Many chemical industry executives say that the US fiscal cliff and general economic uncertainty are driving increased focus on operational excellence and a strong balance sheet.

Despite economic challenges, executives say the chemicals industry will continue to see strong growth in the US as a result of shale gas developments, according to the results of a poll conducted by KPMG LLP, the US audit, tax and advisory services firm.

According to the KPMG poll, 41% of industry business leaders indicate that in the current macro-economic environment, their biggest concern is the US fiscal cliff. An additional 20% point to a slowdown in emerging markets and 19% say Eurozone debt issues.

“The threat of the fiscal cliff is an obvious concern, leading many companies to focus on improving business effectiveness and maintaining a strong balance sheet,” said Mike Shannon, global chairman of KPMG’s Chemicals and Performance Technologies practice. “Companies that are successful in these endeavors can gain a competitive advantage and be better positioned to capitalize if the economic tide turns.”

According to nearly one-third of executives surveyed, shale gas developments in the US will drive significant growth in petrochemical and downstream manufacturing. Additionally, 37% say US shale exports will force increased competition leading to price and margin erosion in Asia.

Paul Harnick, chief operating officer of KPMG’s Global Chemicals and Performance Technologies practice, added, “Regardless of concerns about the fiscal cliff, US companies should remain focused on long-term investment strategies. To support planned investments in capacity, companies must invest in broadening their supply chain capabilities to ensure that exports get to the high growth markets. These markets will be critical to the growth of the sector, especially in the US where exports of product derived from shale gas are expected to become a critical growth platform.”

According to the poll, however, 28% of chemical industry business leaders say their companies do not currently have an emerging markets growth strategy in place.

“This response is startling because we see emerging markets as a critical growth factor for any large chemical company over the next decade, especially as demand in those regions will only increase,” Harnick said.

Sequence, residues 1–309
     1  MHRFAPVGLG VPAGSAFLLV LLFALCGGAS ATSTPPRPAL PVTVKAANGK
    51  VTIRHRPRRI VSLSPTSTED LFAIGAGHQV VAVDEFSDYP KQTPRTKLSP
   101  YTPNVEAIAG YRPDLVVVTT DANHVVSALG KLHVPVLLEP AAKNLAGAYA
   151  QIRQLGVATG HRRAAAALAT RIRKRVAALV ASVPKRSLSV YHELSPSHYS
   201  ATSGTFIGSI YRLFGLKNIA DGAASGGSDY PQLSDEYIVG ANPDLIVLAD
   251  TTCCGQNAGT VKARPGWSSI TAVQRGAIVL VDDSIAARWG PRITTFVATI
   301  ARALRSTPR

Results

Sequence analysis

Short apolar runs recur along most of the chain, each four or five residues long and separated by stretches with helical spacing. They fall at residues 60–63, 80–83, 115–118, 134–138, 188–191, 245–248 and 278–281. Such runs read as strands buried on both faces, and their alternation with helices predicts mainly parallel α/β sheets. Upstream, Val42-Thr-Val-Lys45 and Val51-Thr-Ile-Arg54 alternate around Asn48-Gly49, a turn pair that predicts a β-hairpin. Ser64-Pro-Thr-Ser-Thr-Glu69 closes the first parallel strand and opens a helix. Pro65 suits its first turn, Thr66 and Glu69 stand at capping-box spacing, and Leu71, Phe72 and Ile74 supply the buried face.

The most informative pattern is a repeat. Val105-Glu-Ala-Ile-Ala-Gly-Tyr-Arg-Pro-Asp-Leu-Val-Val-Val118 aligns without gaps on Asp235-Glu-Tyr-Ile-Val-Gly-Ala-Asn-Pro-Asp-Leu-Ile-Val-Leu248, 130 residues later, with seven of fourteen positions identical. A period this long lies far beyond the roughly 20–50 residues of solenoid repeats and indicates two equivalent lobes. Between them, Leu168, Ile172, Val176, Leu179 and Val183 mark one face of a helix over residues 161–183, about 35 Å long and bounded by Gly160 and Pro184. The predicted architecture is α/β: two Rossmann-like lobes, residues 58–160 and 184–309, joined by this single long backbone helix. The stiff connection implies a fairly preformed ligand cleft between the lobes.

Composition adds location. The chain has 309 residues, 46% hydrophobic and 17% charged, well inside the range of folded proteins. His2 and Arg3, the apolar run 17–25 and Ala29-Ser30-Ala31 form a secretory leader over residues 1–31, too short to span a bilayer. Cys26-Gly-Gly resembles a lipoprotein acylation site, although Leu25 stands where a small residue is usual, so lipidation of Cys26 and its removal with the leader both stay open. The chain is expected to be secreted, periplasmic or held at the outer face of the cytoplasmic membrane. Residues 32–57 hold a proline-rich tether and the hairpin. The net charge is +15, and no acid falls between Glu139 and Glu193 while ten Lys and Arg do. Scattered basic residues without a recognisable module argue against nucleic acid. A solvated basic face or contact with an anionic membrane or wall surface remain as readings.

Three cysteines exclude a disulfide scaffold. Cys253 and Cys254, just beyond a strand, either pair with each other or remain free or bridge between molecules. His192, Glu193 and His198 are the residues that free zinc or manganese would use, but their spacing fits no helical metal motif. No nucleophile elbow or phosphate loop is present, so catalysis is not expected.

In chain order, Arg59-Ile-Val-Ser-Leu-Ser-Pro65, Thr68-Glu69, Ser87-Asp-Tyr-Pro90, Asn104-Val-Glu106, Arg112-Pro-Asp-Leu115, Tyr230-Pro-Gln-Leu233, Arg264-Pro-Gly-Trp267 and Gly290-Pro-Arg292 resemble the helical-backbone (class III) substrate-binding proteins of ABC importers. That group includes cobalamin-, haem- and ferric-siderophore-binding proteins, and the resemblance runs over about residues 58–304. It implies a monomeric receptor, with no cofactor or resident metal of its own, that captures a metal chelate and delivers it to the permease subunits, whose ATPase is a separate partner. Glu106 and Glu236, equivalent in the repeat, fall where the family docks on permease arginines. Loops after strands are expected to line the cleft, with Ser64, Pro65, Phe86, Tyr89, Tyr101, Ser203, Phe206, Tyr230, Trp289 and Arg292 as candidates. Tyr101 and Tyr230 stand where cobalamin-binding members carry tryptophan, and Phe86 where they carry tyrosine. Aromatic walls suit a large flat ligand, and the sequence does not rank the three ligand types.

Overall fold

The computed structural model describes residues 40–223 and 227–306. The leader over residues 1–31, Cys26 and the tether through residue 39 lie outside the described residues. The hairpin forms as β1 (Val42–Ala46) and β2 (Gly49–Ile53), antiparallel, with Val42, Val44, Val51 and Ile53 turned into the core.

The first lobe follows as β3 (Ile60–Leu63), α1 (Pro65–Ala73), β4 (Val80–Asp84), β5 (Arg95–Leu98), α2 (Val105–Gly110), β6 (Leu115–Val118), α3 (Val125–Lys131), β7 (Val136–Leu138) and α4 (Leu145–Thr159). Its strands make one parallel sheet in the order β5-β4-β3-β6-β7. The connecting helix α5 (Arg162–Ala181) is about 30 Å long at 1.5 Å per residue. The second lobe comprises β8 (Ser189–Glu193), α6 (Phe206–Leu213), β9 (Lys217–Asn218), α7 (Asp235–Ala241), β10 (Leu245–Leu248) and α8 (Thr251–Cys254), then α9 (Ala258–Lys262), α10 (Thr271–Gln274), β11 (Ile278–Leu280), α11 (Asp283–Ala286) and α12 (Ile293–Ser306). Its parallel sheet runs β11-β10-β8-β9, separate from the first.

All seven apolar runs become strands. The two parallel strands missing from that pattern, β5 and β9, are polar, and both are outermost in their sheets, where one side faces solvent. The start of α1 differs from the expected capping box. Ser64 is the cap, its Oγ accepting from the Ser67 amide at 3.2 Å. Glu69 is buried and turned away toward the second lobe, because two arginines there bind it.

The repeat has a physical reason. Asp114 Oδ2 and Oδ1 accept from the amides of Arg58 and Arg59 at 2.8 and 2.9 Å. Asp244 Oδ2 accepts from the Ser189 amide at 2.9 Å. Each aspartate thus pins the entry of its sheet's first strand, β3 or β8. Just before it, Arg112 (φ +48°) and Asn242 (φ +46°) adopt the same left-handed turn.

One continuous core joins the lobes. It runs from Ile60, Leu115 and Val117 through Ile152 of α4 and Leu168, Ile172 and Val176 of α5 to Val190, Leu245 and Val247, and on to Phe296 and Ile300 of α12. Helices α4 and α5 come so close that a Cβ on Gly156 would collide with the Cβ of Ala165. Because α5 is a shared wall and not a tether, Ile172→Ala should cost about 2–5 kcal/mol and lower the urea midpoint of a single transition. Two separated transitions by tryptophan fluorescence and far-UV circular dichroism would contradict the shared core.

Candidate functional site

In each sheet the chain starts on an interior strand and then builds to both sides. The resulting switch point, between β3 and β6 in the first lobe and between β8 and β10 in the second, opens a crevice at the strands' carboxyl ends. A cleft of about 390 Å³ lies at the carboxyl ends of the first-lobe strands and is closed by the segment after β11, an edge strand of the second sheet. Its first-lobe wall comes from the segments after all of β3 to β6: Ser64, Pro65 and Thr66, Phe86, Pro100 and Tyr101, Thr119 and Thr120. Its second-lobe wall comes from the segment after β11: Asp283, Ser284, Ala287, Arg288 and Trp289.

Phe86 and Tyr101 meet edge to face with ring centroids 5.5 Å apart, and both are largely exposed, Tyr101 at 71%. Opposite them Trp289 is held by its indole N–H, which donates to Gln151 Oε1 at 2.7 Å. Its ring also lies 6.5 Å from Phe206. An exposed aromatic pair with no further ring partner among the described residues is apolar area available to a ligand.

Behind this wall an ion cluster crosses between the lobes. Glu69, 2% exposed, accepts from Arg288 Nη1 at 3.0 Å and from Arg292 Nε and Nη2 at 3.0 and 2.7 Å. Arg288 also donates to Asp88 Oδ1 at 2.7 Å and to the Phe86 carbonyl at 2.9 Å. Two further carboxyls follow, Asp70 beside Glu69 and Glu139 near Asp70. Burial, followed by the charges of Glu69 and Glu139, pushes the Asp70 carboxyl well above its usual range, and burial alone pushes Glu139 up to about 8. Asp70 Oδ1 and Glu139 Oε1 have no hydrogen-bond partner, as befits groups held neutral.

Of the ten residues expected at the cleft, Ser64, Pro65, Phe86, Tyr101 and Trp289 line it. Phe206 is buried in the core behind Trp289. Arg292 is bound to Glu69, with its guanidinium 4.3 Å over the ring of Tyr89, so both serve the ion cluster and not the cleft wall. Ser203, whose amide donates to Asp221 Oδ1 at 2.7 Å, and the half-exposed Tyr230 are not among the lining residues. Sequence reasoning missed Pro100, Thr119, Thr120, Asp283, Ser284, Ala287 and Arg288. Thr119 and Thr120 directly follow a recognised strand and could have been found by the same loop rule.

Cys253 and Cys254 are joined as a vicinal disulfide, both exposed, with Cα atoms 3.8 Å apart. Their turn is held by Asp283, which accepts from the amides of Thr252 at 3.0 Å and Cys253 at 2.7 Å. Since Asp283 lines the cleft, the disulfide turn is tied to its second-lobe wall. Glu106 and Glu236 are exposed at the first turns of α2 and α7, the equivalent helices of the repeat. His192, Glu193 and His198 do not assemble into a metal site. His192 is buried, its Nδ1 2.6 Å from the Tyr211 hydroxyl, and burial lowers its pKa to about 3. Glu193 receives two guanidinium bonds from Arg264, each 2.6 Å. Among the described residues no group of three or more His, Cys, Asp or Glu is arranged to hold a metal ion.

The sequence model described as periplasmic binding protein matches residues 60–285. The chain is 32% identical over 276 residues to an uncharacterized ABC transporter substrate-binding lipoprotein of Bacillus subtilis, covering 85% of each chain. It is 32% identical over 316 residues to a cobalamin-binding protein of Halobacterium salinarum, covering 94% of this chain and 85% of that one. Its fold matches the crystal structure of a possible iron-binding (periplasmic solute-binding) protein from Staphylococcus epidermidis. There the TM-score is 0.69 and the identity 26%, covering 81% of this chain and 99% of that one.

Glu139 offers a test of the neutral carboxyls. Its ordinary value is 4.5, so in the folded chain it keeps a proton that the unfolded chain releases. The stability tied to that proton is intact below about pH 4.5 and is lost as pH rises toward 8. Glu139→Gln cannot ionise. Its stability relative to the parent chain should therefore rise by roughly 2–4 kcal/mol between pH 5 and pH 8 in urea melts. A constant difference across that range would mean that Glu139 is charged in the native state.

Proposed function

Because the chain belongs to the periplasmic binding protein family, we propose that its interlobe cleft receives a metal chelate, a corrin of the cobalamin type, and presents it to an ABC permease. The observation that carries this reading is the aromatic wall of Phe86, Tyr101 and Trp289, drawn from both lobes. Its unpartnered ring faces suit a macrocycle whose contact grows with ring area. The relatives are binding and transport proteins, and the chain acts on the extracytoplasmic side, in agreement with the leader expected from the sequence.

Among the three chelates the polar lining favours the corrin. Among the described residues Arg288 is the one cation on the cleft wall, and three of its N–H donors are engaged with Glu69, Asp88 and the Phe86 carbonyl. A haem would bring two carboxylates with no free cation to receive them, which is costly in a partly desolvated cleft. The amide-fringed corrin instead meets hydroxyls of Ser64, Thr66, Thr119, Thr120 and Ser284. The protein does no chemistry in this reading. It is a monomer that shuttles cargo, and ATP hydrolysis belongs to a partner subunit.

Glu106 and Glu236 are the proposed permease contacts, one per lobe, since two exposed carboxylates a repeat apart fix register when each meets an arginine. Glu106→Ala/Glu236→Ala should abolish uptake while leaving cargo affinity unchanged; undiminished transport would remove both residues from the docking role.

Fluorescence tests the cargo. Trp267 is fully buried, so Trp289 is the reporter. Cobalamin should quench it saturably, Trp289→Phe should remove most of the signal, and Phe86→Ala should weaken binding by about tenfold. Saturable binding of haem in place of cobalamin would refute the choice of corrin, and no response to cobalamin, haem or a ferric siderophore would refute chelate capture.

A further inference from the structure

The KPMG Global Chemicals and Performance Technologies practice conducted a webcast providing insight into trends that are driving the chemicals industry, as well as a view on current risks and opportunities. During the webcast, a poll was conducted in an effort to gain a sense of market sentiment. The results reflect responses from 87 senior industry executives around the world who self selected to participate in the webcast poll.

Meanwhile, a recent report claims that a US Ethylene boom could be on its way, as a result of a surge in the shale gas revolution.

The ongoing shale revolution will see the US ethylene industry surge in the near future, growing by more than a third by 2017, predicts the latest report from business intelligence experts GlobalData.

According to the new report, US ethylene capacity dropped from 27.089m metric tonnes per annum (MMpta) in 2000 to an estimated 26.137 MMpta in 2012, but increased investments in the industry will see this figure jump to 35.048 MMpta by 2017 – an increase of just under 35%.

In correlation with the recent surge in shale gas output, the production of Natural Gas Liquids (NGLs) has increased significantly. Ethane, a hydrocarbon almost exclusively used in petrochemical production, is a major component of NGLs and is cracked to produce ethylene.

Correspondingly, investors have been keen to be a part of an ethylene industry on the rise, and many of the USA’s major ethylene producers are investigating the possibility of bringing online new plants with capacities of more than one MMpta in the near future.

Strong ethane production has also lowered prices and made the US petrochemicals industry much more competitive than in previous years, says GlobalData’s report. Five years ago, the US was one of the most expensive places to produce ethylene, but the ethane-based US petrochemicals industry is now in a better position than the naphtha-based petrochemicals industries of Europe and Asia-Pacific, and second only to the Middle East in terms of production economy.